Quantitative vs. Qualitative in the Romanian Fiscal Adjustment

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Quantitative vs. Qualitative

in the Romanian Fiscal Adjustment

Cristian SOCOL Bucharest Academy of Economic Studies socolcristian1@yahoo.com

Abstract. As it encountered a fiscal event (budget liquidity crisis) in 2009, Romania should have proceeded to one of the most ambitious fiscal correction in the last 30 years in EU. Nevertheless, the absence of vision regarding the increase in quality of the fiscal adjustment is obvious. The fiscal correction made until now has rather been a quantitative one, falling within certain strictly numerical targets. In this paper, we present a series of signals arguing for the necessity to increase the fiscal quality. Moreover, we propose a few immunization mechanisms of the Romanian economy against the contagion of the current uncertainty in the Euro area or against the future crises.

Keywords: fiscal adjustment; contagion; immunization mechanisms.

JEL Codes: E61, E63. REL Codes: 8M, 18B.

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Introduction

The economic crisis showed that Romania did not have good policies in good times. The pro-cyclic policies represented the main factor of the macroeconomic drifts recorded during the period 2005-2009. On the other hand, it is obvious that the methods for the analysis of the fiscal and budgetary policy's efficiency during the pre-crisis period – based on the analysis of the real budget deficit – proved to lack relevance (Table 1).

Table 1 The cyclic budget deficit and the structural budget deficit in Romania

%GDP – Years Output gap Structural budget deficit (% real PIB) Structural budget deficit

(% potential GDP) 2000 -1,55 -3,86 -3,43 2001 -0,57 -3,22 -4,06 2002 -0,60 -2,56 -3,89 2003 -0,91 -2,14 -3,78 2004 0,86 -1,09 -2,96 2005 2,60 -2,70 -1,42 2006 6,05 -4,36 -4,91 2007 8,81 -5,16 -6,13 2008 9,13 -8,57 -7,06 2009 -1,92 -8,26 -9,11 2010 -4,00 -6,53 -8,26

Source: Author's calculations, 2011.

The estimation of the cyclic budget deficit and of the structural budget deficit has been made according to the EU method, in 3 stages: a) The estimation of the gap between the real gross domestic product and the potential gross domestic product (potential GDP), according to the method recommended by the European Commission – the production function method, according to the procedure described by Denis et al. (2006); b) The estimation of the cyclic component based on the output gap and on the sensitivity of the budget deficit; c) The estimation of the structural component by means of eliminating the cyclic component out of the current budget component (see details in Socol, 2011).

Romania makes a purely quantitative adjustment, with future consistent payment delays (half-wits, amend for those who obtained the revenues recovery in court etc). Even though Romania has the second most ambitious fiscal

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correction program (with an annual average fiscal adjustment speed of 1.9% of the GDP with reference to the decrease of the structural deficit), the quality of the fiscal adjustment is poor. There are a few signals showing this fact:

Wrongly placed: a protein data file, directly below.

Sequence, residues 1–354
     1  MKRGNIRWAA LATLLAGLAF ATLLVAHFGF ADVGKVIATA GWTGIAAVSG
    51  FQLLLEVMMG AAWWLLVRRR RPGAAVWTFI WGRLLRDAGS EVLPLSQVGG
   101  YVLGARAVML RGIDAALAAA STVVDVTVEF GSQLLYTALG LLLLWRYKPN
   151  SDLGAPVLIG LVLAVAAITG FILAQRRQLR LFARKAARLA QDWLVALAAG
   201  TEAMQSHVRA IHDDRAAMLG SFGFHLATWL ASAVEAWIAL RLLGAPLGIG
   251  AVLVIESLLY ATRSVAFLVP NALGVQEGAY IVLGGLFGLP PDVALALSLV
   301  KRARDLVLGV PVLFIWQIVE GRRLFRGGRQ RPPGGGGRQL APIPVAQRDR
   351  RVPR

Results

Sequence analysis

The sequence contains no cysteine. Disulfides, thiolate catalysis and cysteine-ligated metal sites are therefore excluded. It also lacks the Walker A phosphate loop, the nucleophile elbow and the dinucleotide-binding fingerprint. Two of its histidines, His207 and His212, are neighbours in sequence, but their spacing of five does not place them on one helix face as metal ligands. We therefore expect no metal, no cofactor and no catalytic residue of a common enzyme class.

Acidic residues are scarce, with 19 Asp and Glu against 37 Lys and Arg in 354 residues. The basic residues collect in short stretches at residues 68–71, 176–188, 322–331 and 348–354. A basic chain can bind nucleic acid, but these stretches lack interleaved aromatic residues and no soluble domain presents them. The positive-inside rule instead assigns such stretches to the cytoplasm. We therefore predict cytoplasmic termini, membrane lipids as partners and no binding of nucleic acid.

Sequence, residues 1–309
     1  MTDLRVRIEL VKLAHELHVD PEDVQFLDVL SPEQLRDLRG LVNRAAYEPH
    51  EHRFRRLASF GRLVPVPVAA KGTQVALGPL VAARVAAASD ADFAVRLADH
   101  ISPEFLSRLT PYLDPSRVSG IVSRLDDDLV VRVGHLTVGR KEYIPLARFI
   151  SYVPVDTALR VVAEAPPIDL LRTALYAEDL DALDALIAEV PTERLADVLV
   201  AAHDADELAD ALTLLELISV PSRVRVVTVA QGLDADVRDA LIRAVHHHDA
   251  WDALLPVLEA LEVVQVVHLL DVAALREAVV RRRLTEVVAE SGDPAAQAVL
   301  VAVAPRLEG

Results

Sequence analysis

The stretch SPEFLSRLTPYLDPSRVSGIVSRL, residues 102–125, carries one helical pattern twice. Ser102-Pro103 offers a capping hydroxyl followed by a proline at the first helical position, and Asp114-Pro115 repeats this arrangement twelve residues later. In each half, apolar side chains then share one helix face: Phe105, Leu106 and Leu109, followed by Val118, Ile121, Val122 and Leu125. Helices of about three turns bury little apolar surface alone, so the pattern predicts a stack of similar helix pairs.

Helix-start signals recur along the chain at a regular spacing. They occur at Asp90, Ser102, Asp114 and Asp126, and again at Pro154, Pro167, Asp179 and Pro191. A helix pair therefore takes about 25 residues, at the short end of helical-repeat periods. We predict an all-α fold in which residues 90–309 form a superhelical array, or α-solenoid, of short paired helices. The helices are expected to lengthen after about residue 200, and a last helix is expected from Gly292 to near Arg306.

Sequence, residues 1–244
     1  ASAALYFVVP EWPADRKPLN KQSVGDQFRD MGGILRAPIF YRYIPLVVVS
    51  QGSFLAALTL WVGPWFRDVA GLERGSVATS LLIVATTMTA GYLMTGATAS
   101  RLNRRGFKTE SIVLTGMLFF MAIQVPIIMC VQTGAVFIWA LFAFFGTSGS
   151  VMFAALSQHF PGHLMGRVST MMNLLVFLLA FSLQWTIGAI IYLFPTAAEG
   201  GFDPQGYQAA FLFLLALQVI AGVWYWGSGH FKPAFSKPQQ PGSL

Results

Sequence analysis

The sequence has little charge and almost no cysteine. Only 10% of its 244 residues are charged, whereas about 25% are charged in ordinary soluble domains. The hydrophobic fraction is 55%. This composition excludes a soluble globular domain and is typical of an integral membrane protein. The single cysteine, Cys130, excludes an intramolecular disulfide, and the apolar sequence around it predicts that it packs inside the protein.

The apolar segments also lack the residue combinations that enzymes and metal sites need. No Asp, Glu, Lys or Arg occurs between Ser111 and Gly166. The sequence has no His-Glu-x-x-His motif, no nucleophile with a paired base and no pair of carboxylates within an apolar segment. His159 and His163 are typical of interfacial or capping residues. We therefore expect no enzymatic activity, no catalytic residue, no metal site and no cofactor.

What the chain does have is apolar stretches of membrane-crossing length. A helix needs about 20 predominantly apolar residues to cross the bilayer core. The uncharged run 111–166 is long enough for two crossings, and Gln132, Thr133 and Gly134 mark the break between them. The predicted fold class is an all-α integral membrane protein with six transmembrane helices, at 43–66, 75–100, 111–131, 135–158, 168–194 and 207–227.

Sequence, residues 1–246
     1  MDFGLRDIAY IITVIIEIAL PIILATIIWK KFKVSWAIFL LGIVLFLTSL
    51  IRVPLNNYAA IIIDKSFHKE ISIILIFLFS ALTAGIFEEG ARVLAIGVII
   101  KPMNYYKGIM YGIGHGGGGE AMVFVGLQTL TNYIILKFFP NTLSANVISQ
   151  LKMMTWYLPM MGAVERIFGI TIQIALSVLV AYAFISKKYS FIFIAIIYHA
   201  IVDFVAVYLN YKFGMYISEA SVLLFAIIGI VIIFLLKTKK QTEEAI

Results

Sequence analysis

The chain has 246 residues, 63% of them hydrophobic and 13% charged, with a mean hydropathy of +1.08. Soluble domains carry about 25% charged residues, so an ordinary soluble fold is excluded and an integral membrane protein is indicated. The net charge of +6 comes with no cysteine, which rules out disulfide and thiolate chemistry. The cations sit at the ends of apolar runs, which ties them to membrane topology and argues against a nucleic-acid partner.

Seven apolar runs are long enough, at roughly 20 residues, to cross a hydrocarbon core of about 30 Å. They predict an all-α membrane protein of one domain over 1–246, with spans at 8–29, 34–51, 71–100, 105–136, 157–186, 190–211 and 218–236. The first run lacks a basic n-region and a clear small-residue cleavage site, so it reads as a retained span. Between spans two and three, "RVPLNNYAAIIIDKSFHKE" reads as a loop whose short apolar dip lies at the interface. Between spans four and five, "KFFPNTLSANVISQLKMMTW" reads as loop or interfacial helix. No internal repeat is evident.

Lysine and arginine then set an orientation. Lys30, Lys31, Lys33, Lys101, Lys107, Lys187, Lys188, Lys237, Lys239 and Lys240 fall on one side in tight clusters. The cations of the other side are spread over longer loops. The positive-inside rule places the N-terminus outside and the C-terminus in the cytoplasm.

The first one is related to the analysis of the budget executions from the second half of 2011. We may easily notice that the positive evolution of the budget revenues are firstly due to the consistently higher returns from VAT (which increased from 19% up to 24%) and from the increase of the excises. The private environment is not stimulated to make investments and to create jobs. The decrease of consumption has determined constant nominal evolutions regarding the tax on profit and the tax on salaries and on income (even real losses of 4.5% for the tax on profit and for the tax on salaries). The rigidity of the budget expenses have not decreased, with reference to the goods and services (plus 11.5% on nominal, showing the incapacity to clean the budget system of corruption, the persistence of half-wits etc.) and to social assistance (minus 2.4% only, reflecting the incapacity to correspondingly aim to the assistance forms for the vulnerable persons). The decrease of the costs with the personnel in 2010 and 2011 is a good thing, but it is not actually but a payment delay for them. The budget execution shows that the total savings regarding the costs with the personnel, by means of income cuts proposed during the period between June 2010 and June 2011 are approximately 2% of the GDP, almost 8 billions of RON, and the amends won by the public employees in court during the last year are 8 billions of RON, too. So, actually, the austerity measures in these fields only represent a deficit which is delayed until the period 2013-2014, when these amends should be paid, and they will be indexed to inflation. The high increase of the costs with interests is also worrisome (plus 27.3% nominal, plus 22% real) showing financing difficulties and the increase of the burden for the next generations. Last but not least, the increase of the capital expenses (plus 16.5% on nominal) represent a positive but weak signal for the stimulation of the economic growth. Weak because the public investments do not represent a priority, generating low multiplication effects.